Just wanted to let you know I’m using this @LauraH ! Thank you for posting it clearly.
I’m doing (yet another) “system overhaul” and while I arrived at the above seemingly on my own, I’m sure I read it here first and then it bubbled back up. I’m using outline for Area and tags for Location (which roughly equates to Timeframe for me). I finally realized that what I needed was to organize the same items by two (or more) parallel schemes, which is exactly what you’re describing here. I just hadn’t thought of it that way before.
I have come to regard the different ways to organize info in Legend on a continuum of complexity:
- Outlines are “native” as you say and (fittingly) highest-complexity because they are multi-tiered and infinite.
- #Tags (and unindented outlines) are next because they are natively single-tiered yet infinite (#tags can be massaged into multi-tier but less intuitively).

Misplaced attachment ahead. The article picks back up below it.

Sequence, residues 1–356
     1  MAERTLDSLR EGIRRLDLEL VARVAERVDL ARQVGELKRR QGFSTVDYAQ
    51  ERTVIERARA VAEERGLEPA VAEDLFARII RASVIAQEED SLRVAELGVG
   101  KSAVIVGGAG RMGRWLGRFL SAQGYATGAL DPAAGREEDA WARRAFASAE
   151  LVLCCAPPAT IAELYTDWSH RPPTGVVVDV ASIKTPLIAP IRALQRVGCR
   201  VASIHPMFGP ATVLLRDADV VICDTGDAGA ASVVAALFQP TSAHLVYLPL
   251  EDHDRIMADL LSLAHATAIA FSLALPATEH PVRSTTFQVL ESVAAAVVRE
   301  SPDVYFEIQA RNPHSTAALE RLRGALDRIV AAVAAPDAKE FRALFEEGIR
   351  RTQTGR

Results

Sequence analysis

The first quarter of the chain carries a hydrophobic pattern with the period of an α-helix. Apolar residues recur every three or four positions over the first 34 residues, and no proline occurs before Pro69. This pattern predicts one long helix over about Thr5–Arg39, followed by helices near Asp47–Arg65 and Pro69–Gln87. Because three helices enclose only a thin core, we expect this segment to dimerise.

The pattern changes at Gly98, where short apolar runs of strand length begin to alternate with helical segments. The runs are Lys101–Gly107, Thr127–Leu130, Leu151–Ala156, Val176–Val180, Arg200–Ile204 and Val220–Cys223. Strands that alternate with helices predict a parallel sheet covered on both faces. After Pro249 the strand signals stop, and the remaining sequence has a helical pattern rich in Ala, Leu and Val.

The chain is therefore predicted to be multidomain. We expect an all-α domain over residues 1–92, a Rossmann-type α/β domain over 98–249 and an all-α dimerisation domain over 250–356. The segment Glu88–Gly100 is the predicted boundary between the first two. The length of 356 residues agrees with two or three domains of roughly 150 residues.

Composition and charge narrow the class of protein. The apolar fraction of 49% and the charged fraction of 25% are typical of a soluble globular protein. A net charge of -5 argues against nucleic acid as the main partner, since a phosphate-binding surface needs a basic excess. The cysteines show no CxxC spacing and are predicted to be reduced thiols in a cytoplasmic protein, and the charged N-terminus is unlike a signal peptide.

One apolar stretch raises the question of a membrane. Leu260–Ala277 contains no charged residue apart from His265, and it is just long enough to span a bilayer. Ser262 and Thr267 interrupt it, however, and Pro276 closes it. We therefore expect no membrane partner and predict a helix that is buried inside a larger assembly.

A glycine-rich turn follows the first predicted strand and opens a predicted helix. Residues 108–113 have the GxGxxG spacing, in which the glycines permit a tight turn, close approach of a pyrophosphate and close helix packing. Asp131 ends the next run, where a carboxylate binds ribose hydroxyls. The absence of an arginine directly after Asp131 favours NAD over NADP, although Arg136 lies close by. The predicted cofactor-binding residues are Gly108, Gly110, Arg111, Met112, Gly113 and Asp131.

- +Tags are more firmly single-tier and practically finite (though with effort you can both tier them and use an ‘infinite’ number).
- Dates (all types; scheduled, synced, completed, modified, etc.) are single-tier and infinite
- Item types (prefixes) are single-tier with 6 states.
- Priorities are also single-tier with 4 states.
- Complete and star are simply binary states.
Each – or all, if you can handle the overload – of these can be applied to every item in a document, completely in parallel and independent of each other. That’s….a lot of organization!
I frankly get swamped by this. What I’m trying, to help me cope, (for task-oriented workflows) is to follow this rule: Build boards which organize items (by applying properties) incrementally, working from high to low complexity pane-by-pane until I arrive at the “output” state (usually a flat list). Obviously skipping rungs in the ladder is okay (and almost certainly better) but the jist is to go high-to-low.
I suppose, if you were building content, notes, or other content, this would go in reverse since the end product is the highest-complexity state. Seems like that would require a ‘start’ and ‘end’ document…hmmm…
So far the main liability is a heavy reliance on group-by panes, which can sometimes get squirrely or just plain confusing…but it’s methodical and I like that.